Tuesday, January 24, 2012

The market for truth

John Cleese was asked in a recent interview why so many people profess a desire to be famous.

"I think it's to have a sense of significance," he said. "Now most people don't want an ordinary life in which they do a job well, earn the respect of their collaborators and competitors, bring up a family and have friends. That's not enough any more, and I think that it's absolutely tragic - and I'm not exaggerating - that people feel like a decent, ordinary, fun life is no longer enough."

"One of the things I've discovered ... as I've got older," he continued, "is that almost nobody knows what they're talking about. Of course, we're still talking and we're having fun but you have to realize that, in terms of truth or reality, most of it is completely valueless."

It's easy to make fun of this sort of celebrity wisdom, but I think Cleese may have a point. Three points, really.

Firstly, the point about people not being satisfied with an ordinary life. This has a lot to do with the decline of a rich culture (customs, religion, etc.) which provided the sense of significance which is now lacking.

The second point is, if not literally and simply true, then only a slight exaggeration: "... almost nobody knows what they're talking about."

And the final point Cleese makes I would put another way, and say that the market for truth and reality is vanishingly small.


  1. The second point reminds me of a line attributed to Pope Julius III:

    "Do you know, my son, with what little understanding the world is ruled?"

    And yet, even though I can't examine an issue from every side - and half the time don't want to - I form conclusions anyway. It's an unfortunate part of being human. (Fortunately, another part of being human is that, despite this personal and collective ignorance, somehow we muddle on regardless.)

    Could you elaborate on what you (and Cleese, inasmuch as you can speak for him) mean with the third point?

    1. All I'm saying really is that truth-seeking (for its own sake) is not a very popular activity. Knowing the truth about this or that or themselves is not a priority for most people. Normal happiness is often achieved by forgetting about the bleaker aspects of the human condition (like death). A degree of self-deception is involved, and sometimes fantasies provided by religions, political ideologies or popular culture (e.g. rags to riches or romantic love).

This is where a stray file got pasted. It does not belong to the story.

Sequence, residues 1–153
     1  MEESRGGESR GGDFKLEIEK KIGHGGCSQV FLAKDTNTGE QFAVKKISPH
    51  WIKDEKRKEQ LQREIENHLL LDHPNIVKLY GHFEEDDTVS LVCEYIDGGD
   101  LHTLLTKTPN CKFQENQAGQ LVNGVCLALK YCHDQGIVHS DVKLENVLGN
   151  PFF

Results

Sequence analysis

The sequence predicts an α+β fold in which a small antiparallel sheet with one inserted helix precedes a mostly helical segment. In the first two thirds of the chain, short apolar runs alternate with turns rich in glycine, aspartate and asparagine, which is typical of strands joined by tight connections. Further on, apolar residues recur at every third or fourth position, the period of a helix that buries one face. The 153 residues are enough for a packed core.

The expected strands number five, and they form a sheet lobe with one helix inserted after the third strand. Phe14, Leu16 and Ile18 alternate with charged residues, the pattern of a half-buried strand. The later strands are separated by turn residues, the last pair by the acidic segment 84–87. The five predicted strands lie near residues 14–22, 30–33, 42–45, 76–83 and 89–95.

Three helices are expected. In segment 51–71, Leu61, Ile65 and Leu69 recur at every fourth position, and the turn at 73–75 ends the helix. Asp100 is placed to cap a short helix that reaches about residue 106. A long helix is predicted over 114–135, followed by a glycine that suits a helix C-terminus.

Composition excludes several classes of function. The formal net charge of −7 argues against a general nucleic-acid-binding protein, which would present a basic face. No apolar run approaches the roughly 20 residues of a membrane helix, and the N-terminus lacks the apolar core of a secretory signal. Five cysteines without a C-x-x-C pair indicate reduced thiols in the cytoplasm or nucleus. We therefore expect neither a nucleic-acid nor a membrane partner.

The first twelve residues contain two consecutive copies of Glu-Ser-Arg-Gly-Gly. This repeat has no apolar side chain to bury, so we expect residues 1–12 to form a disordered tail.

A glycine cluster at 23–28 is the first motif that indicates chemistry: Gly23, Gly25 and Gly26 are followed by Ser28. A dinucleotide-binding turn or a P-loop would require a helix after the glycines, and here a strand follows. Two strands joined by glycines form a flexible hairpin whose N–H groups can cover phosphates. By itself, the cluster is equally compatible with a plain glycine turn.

2. Agreed. I think the mathematical idea of the incompleteness theorem (some things are true but not provable) has been translated by the social semi-sciences as "all alleged knowledge is subjective, contingent on the prejudices of the holder." So you get stupid things like "gender is a social construct," ignoring that the entire mammalian kingdom, and most of the rest of the animal, has distinct gender roles.

  2. The anti-science relativism that WMarkW is talking about has been fostered by cultural elites who are only really concerned with pushing their social and political agenda, and not with truth. The worst thing about this is that it makes communication and normal discussion about matters that can be assessed objectively much more difficult.

  3. The extreme relativist social scientists take the true - our sensory organs are imperfect and can be fooled - and extend that to suggest that we cannot know objective reality. I admit that my patience is stretched to the limit when I give any opposing argument and receive the 'That's true for you' answer. That lazy cop-out of theirs lets them argue in the traditional way, with logic and evidence and so on, and then stop arguing whenever they feel like it.

    Unrelated: I notice, Dr. English, that your About Me has changed. With the exception of the last line, that would almost describe me. I do hope that your description of your commitment to truth becomes prescription in those moments of frustration where you feel tempted to stop truth-seeking.

    Also unrelated: WMarkW, do you have a blog? I notice your comments on Mark's and Heathen's posts and often wonder what your thoughts are when you have more space and time to lay them out.

    1. Thank you for your interest, but I don't blog.
      I link to these sites from SecularRight.org (I'm RandyB on that site because of different sign-in accounts).